What are your thoughts on the brief discussion on religion and spirituality in the cave?

Use this forum to discuss the April 2019 Book of the month, "Adrift" by Charlie Sheldon
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Amanda Deck
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Re: What are your thoughts on the brief discussion on religion and spirituality in the cave?

Post by Amanda Deck » 21 May 2019, 23:49

Many people feel as though their particular branch of religion is the only one or the "right one". At its best, this viewpoint can be seen as obnoxious or rude...
There is another way this can be taken. At its best, people who believe that are desperate for others to understand and be safe and on the right path. I have come across that before, but it's definitely less common. And that's certainly not the motivation for what was said in the cave.

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Rachel Lea
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Post by Rachel Lea » 24 May 2019, 16:12

I thought the author's portrayal of Randall's character as a closed-minded, Bible-clutching religious person was really sad, and frankly, it's my least favorite aspect of Adrift. I hope that readers of the book realize that not all people who are Christian think and act like that. As a religious person myself, I found Randall's attitude towards William's beliefs to be irritating and insensitive.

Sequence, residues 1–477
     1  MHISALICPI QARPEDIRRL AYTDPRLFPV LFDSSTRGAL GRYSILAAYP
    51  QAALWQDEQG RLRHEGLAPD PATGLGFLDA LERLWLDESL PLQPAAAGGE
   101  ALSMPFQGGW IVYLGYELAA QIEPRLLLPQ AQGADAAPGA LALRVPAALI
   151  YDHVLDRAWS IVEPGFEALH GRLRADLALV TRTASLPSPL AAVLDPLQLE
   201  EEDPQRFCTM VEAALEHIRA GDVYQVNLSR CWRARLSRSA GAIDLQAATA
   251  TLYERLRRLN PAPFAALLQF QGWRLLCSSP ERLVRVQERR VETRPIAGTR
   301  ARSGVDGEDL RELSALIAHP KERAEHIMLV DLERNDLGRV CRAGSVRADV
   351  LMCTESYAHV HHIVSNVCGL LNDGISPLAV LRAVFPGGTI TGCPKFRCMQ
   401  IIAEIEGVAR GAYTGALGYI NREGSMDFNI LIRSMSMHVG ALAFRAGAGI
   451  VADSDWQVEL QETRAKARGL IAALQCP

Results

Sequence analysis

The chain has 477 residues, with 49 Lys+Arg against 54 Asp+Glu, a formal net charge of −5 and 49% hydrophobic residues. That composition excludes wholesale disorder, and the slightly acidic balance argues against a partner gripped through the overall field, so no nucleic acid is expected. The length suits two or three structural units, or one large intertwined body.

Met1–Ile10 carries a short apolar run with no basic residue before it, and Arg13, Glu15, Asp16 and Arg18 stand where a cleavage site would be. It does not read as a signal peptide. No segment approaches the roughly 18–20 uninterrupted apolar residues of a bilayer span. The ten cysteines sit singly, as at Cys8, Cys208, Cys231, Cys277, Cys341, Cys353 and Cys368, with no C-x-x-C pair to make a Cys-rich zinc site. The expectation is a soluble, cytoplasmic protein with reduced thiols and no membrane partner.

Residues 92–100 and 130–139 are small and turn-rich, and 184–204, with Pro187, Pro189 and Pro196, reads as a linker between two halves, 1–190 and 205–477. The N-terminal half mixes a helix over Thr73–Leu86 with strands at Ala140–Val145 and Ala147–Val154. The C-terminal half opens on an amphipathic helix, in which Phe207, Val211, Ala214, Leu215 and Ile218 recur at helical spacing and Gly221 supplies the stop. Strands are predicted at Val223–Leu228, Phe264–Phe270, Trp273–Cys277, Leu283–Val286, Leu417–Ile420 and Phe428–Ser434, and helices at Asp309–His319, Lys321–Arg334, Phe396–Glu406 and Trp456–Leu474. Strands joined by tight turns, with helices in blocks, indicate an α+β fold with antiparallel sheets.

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Post by Zeix » 25 May 2019, 00:17

Everyone has a right to believe what they want, whether in religion or not. The truth stands out be that its a free world and judging others doesn't make you a better person

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Post by Catherine Amarachi » 25 May 2019, 01:07

I think it reflects the real world where there's a lot of conflict of beliefs. Some thinks that their religion is superior to others and this leads to hate and impede on relationships.

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Post by eastandalchemy » 28 May 2019, 08:18

I agree with what many have stated before me, that discussing religion is one of the most difficult things for (most) people to discuss without bias. So many people have been taught to base their life path on what their religion advises, so it's hard to have someone question what they've "known" and practiced their entire life.

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Post by VernaVi » 29 May 2019, 06:34

I thought the religious discussion was a good addition to the book. In a situation like that, it is normal to think about God. Is He real? Will he hear your prayers? Some won't believe or maybe they believe in something else, but the debate is important to humankind.

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Post by NIRUPAMA JHA » 31 May 2019, 18:23

William's story was true but still the second mate denied it. It was a bit rude since different people has different religious views and their faith lies in the form of God they worship but no one can judge whether one is right or the other is wrong. :)

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Post by Scarlet Nicoll » 06 Jun 2019, 06:24